Imaging Anatomy of the Human Spine: A Comprehensive Atlas Including Adjacent Structures
Springer Publishing Company, Dec 17, 2015 - Medical - 312 pages
The most precise, cutting-edge images of normal spinal anatomy available today are the centerpiece of this spectacular atlas for clinicians, trainees, and students in the neurologically-based medical specialties. Truly an “atlas for the 21st century,” this comprehensive visual reference presents a detailed overview of spinal anatomy acquired through the use of multiple imaging modalities and advanced techniques that allow visualization of structures not possible with conventional MRI or CT. A series of unique full-color structural images derived from 3D models based on actual images in the book further enhances understanding of spinal anatomy and spatial relationships.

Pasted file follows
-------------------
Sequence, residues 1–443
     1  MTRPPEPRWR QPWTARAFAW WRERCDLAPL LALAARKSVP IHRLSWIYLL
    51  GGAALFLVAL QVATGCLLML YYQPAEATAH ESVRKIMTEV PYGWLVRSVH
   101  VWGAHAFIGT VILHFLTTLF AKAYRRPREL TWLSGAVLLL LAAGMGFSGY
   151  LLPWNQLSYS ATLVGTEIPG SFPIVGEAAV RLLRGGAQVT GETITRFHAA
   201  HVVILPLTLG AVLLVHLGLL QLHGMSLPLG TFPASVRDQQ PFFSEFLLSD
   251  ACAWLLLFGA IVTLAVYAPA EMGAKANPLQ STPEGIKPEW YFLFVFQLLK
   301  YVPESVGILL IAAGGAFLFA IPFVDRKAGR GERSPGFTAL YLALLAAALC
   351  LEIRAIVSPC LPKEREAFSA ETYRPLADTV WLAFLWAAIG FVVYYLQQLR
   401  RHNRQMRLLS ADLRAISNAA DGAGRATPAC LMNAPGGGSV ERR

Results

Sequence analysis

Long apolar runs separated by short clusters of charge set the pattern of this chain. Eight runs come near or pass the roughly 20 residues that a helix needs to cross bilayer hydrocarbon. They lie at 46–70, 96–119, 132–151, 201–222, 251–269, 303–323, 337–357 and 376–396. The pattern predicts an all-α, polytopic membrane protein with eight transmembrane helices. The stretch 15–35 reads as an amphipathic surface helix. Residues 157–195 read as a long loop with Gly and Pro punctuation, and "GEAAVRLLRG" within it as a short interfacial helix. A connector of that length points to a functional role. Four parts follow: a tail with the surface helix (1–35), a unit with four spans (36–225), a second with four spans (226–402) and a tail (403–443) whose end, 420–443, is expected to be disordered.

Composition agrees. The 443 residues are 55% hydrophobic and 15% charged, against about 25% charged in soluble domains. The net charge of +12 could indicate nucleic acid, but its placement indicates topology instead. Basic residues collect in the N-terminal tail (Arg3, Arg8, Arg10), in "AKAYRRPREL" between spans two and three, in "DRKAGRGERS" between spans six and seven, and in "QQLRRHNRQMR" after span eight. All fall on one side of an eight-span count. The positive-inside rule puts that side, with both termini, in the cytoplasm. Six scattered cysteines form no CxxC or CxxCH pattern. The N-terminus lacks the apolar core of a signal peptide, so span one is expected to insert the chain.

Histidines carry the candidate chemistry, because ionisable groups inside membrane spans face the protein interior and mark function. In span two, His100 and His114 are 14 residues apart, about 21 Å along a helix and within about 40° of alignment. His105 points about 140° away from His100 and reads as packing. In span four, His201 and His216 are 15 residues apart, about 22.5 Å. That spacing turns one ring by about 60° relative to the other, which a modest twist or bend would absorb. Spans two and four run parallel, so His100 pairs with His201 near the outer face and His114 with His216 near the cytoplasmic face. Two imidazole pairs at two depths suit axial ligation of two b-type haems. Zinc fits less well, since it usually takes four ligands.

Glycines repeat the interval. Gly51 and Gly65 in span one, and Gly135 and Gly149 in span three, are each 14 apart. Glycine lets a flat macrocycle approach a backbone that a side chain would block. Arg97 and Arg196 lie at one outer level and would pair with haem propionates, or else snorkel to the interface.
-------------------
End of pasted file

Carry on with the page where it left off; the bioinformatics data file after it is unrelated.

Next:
Written by two neuroradiologists who are also prominent educators, the atlas begins with a brief introduction to the development, organization, and function of the human spine. What follows is more than 650 meticulously presented and labelled images acquired with the full complement of standard and advanced modalities currently used to visualize the human spine and adjacent structures—including x-ray, fluoroscopy, MRI, CT, CTA, MRA, digital subtraction angiography, and ultrasound of the neonatal spine. The vast array of data that these modes of imaging provide offer a wider window into the spine and allow the reader an unobstructed view of the anatomy presented to inform clinical decisions or enhance understanding of this complex region. Additionally, various anatomic structures can be viewed from modality to modality and from multiple planes.
This state-of-the-art atlas elevates conventional anatomic spine topography to the cutting edge of technology. It will serve as an authoritative learning tool in the classroom, and as a crucial practical resource at the workstation or in the office or clinic.